Ride-sharing app company Lyft today announced that it has raised $1 billion in new funding, including a $500 million investment from General Motors. The additional funds bring to $2 billion the total amount of capital the firm has attracted since it was founded in 2012.
Under the new arrangement, Lyft and GM [Image credit: General Motors] will work together to build a network of on-demand, self-driving cars aimed at redefining the world of personal mobility. The alliance includes plans for GM to establish vehicle rental hubs in cities across the U.S. so Lyft drivers can work without having to own their own cars.
Other investors in this latest funding round for Lyft include Kingdom Holding Company, which put in $100 million, as well as Alibaba, Didi Kuaidi, Janus Capital Management and Rakuten. Lyft said the new investments bring the company’s valuation to $5.5 billion.
Future of Mobility Is ‘Connected, Autonomous’
“We see the future of personal mobility as connected, seamless and autonomous,” GM President Dan Ammann said in a statement. “With GM and Lyft working together, we believe we can successfully implement this vision more rapidly.”
John Zimmer, Lyft’s president and co-founder, added that the new alliance aims to “build a better future by redefining traditional car ownership.”
In addition to jointly developing an on-demand vehicle network and multiple car rental hubs, the two companies also plan to “provide each other’s customers with personalized mobility services and experiences through their respective channels.” GM will also provide Lyft drivers and customers with access to its connected OnStar services.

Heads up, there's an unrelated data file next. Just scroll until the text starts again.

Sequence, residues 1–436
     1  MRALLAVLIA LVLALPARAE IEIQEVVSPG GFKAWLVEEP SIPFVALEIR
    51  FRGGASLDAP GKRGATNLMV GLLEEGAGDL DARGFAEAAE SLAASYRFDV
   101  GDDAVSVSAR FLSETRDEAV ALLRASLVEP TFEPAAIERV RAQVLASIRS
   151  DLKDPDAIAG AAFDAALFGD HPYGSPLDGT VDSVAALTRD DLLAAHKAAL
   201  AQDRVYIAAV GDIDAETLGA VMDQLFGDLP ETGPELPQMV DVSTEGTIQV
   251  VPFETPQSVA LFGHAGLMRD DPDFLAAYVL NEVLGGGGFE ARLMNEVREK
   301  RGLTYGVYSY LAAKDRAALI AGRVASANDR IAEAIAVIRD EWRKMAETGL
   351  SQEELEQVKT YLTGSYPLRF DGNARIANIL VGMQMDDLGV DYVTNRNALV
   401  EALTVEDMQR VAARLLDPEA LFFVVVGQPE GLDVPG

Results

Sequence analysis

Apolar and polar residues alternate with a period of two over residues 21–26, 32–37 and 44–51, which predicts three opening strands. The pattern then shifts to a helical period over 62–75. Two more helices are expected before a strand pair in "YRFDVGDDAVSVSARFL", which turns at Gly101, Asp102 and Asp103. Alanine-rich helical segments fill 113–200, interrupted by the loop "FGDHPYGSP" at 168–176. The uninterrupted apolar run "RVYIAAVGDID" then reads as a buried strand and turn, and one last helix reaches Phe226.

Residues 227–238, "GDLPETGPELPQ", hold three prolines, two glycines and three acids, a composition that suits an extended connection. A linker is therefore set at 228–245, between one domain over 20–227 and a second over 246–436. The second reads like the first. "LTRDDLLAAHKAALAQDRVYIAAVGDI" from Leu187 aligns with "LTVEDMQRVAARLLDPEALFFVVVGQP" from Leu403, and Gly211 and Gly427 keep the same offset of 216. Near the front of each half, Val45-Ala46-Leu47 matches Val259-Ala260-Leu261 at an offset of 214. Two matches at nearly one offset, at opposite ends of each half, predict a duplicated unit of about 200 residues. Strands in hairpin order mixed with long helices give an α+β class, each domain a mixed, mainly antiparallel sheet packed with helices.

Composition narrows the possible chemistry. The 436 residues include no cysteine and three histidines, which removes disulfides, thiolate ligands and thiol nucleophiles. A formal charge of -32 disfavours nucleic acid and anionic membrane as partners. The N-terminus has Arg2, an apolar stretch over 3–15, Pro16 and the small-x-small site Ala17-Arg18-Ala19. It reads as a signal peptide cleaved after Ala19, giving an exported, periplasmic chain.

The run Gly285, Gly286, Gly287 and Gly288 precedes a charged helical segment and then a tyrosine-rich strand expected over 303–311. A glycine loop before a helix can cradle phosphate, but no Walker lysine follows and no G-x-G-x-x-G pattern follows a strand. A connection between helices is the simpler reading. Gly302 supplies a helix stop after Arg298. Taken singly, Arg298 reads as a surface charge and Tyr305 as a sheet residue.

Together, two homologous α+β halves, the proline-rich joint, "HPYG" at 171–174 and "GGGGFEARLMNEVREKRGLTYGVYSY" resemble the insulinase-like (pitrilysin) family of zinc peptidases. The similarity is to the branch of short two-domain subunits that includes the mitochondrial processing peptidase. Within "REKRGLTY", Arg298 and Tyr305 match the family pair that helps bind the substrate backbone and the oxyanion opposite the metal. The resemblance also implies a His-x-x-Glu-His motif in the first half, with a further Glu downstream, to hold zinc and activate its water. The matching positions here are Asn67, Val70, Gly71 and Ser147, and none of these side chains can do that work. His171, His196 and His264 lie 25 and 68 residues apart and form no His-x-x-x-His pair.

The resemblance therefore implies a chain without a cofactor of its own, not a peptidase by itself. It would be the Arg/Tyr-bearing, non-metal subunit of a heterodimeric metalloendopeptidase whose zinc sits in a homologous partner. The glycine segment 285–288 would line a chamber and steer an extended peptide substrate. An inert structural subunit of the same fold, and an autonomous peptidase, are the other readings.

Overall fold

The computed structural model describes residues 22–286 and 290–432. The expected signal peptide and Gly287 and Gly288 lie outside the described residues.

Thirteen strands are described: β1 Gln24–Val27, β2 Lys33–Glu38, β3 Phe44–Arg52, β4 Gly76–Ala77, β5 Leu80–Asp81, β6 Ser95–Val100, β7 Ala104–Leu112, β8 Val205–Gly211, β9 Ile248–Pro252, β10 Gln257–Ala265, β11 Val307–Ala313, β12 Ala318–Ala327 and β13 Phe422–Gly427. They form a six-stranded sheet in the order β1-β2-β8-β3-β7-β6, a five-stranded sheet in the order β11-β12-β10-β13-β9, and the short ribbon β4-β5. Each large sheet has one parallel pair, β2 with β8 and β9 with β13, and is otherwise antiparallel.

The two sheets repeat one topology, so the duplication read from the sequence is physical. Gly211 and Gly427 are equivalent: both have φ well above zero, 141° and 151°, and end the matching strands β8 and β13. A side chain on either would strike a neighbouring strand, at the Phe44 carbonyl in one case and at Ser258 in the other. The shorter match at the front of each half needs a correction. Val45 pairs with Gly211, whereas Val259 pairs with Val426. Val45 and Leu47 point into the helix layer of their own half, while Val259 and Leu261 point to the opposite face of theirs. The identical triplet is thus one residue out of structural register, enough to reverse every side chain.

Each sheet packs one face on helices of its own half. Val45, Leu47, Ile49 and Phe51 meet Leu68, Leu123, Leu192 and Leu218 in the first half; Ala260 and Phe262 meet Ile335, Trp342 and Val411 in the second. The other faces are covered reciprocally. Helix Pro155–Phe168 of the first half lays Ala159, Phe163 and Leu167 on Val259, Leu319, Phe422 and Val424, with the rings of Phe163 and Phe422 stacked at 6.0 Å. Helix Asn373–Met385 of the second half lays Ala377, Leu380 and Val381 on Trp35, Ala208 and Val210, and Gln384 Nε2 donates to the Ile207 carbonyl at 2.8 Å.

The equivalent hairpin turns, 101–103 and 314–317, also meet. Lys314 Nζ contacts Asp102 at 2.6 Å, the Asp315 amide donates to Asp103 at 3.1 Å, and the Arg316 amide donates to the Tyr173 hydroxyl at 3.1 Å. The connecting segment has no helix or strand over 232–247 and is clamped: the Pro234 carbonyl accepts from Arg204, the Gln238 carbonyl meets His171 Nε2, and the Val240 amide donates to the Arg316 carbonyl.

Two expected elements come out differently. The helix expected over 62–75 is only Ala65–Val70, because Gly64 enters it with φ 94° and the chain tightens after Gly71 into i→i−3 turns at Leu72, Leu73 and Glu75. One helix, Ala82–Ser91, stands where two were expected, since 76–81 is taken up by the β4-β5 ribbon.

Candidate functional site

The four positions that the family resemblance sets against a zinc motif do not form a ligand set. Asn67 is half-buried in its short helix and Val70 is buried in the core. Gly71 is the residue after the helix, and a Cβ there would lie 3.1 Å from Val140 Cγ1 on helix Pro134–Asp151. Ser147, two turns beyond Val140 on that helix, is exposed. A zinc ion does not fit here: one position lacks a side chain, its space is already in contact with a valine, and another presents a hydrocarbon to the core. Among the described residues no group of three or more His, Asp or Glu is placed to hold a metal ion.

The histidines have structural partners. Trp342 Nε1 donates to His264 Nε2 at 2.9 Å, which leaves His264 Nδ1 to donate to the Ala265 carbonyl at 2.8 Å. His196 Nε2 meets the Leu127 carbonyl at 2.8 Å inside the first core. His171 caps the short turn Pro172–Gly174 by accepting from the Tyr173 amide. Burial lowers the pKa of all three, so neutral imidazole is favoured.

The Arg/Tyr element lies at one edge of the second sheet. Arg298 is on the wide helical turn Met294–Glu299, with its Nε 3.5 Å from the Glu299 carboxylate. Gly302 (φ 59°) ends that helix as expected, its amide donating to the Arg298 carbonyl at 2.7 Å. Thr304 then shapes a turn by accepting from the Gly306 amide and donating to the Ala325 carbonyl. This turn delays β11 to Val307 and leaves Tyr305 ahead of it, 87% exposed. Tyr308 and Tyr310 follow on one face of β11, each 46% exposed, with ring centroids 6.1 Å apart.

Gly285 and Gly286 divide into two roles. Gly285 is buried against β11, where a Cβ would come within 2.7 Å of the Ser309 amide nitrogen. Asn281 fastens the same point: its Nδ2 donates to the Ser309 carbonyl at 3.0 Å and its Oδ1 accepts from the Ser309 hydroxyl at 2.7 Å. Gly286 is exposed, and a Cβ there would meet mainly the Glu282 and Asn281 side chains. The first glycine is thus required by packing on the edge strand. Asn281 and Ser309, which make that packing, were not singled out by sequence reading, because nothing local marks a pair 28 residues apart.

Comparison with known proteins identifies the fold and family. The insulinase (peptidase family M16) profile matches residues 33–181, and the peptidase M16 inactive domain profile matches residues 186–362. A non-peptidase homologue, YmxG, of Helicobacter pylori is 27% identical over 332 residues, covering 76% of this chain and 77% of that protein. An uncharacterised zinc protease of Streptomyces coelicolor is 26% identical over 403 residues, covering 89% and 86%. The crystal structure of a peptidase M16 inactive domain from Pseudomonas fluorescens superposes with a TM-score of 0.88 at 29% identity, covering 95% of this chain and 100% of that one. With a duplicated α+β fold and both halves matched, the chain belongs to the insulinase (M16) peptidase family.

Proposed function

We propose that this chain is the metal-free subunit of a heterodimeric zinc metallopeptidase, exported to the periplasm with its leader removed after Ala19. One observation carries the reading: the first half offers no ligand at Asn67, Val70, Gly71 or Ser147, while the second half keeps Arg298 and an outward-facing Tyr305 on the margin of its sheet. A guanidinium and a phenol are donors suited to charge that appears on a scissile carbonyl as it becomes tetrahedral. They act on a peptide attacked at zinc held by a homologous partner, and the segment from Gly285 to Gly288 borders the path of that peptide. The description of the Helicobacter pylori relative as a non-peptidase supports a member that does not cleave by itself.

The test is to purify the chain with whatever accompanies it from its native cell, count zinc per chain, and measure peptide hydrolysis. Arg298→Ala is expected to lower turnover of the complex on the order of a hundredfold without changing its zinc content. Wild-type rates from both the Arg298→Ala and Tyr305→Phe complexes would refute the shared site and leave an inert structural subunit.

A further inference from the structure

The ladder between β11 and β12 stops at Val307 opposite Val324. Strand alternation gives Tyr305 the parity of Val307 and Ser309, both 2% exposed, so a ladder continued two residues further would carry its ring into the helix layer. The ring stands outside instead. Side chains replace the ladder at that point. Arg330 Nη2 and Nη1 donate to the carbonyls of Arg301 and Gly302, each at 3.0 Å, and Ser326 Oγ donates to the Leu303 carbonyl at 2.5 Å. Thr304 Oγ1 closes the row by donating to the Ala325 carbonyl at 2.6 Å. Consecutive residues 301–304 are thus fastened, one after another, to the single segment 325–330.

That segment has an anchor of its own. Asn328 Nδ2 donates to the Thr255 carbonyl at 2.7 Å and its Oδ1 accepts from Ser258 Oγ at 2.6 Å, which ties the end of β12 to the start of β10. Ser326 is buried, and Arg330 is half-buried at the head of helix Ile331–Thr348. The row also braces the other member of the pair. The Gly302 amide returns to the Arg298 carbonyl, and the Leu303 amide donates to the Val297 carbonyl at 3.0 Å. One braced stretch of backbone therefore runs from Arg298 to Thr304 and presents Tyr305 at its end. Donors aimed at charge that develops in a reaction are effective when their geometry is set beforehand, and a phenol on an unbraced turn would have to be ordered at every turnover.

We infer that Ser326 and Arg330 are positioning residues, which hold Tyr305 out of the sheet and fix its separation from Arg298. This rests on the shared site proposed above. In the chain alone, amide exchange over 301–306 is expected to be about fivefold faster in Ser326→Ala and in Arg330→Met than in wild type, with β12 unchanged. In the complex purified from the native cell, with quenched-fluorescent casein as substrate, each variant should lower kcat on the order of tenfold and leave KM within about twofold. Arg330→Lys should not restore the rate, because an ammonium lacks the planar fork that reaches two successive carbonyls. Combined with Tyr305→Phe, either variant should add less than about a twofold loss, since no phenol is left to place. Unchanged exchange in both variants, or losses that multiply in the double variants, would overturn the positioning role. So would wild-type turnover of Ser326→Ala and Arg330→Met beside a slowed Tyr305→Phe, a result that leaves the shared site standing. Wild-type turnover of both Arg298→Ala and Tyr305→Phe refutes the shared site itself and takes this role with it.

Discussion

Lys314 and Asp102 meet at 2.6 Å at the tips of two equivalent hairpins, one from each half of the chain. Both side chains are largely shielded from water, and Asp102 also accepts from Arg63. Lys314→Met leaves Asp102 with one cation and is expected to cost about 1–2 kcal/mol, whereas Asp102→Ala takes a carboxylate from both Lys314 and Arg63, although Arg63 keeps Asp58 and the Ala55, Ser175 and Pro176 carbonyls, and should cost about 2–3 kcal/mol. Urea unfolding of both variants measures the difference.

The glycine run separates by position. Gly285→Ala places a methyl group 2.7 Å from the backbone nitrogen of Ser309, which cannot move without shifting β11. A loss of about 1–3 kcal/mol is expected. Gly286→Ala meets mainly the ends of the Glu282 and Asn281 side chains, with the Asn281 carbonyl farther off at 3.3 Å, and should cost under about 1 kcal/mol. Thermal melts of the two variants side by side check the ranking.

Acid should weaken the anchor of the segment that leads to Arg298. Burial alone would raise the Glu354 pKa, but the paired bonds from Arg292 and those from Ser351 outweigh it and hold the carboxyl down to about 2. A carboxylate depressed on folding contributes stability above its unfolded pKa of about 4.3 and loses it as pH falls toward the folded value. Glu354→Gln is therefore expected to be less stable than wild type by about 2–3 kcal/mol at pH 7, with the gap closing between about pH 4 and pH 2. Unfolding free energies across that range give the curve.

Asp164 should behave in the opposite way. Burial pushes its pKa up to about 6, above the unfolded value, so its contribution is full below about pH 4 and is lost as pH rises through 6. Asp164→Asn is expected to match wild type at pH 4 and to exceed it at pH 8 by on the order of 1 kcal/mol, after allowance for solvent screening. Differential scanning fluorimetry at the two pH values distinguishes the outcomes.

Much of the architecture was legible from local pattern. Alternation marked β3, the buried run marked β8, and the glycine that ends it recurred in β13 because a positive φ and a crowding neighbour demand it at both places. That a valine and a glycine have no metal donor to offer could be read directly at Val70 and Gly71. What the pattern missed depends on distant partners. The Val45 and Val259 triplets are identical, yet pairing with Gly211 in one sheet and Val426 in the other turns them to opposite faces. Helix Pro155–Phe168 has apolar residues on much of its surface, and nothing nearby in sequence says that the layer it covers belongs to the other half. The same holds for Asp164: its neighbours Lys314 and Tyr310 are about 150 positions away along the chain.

Race Against Uber, Sidecar, Google
Headquartered in San Francisco, Lyft currently provides its ridesharing app service in numerous cities across the U.S. The company claims to provide around seven million rides per month in more than 190 cities. It also plans to expand to additional markets across the country, as well as internationally.
Lyft’s competitors include Sidecar and Uber, whose various ride-hailing services have disrupted traditional taxi and other transportation businesses in numerous countries around the world since it was founded in 2009.
Like Lyft, Uber is also working to expand beyond its current reliance on user-owned cars to autonomous vehicle services. Last year, it partnered with Carnegie Mellon University to develop self-driving vehicle technology, and is testing such cars in Pittsburgh and Tucson.
In addition to the traditional automakers and app companies like Lyft, tech firms like Google are also hard at work to advance autonomous vehicles and related services. Alphabet, Google’s new parent company, is said to be working on plans to launch autonomous car services in areas like college campuses, military bases and corporate office parks. Google is also reportedly pursuing a partnership with Ford to advance self-driving vehicle technologies.
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